The European Union took an important step towards opening up its GSM networks to accommodate additional technologies as telecom ministers from the 27-nation organization approved proposals Thursday to open the wireless networks.
The European-developed GSM standard now needs only to gain the expected approval from the European Parliament before new 3G features can be implemented.
The European Commission has estimated that free access to the 900 MHz frequencies will cut costs by 40% and achieve a 40% gain in coverage as well. The cheaper access to spectrum is expected to pave the way for low-cost access to voice, video, data, and Web access on mobile devices.
In 1987, the EU began setting aside frequencies between 900 MHz and 1800 MHz exclusively for GSM usage, making it possible for mobile phone service providers to deploy their offerings quickly. GSM caught on across the world and is the dominant global mobile phone standard; AT&T and T-Mobile use the standard in the U.S.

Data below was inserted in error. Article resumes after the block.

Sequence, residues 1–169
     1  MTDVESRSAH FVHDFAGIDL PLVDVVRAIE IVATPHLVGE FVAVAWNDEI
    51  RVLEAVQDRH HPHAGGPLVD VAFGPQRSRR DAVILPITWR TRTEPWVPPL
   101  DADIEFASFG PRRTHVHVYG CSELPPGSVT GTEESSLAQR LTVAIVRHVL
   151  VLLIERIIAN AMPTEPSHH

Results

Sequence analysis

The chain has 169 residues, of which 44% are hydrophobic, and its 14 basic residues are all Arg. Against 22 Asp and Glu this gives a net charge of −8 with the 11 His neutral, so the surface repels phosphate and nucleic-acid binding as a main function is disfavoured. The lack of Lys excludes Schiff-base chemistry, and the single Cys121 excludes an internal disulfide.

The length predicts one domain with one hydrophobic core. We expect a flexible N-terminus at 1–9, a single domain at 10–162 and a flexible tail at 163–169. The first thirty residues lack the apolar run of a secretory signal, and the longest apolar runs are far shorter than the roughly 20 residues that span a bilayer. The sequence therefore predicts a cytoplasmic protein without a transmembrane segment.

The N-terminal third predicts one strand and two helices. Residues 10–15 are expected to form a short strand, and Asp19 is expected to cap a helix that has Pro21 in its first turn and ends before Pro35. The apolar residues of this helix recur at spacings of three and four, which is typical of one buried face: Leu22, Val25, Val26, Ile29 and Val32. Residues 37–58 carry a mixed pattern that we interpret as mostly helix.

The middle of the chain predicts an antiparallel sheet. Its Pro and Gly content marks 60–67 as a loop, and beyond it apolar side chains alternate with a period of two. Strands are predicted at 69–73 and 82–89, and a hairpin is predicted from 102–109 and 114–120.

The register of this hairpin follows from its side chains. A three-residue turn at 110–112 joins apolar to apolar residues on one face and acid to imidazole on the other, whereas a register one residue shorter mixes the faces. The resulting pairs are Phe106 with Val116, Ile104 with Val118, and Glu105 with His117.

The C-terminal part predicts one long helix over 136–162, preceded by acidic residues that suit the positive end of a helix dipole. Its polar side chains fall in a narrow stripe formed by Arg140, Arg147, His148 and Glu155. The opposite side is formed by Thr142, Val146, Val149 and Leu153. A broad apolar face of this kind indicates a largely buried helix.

The GSM Association has already earmarked Long Term Evolution (LTE) technology for future use. LTE has been successfully tested at downlink/uplink peak data rates above 100 Mbps/50 Mbps, although those speeds aren't expected to be delivered commercially until sometime in the distant future.
In a related development Thursday, the European Commission approved the Nokia-sponsored DVB-H mobile television standard.
The order carries a strong mandate as the commission stated: "All member states will have to support and encourage the use of DVB-H for the launch of mobile TV services, thus avoiding market fragmentation and allowing economies of scale and accordingly affordable services and devices."
Germany, the U.K, and the Netherlands had opposed the move, which was spearheaded by Nokia.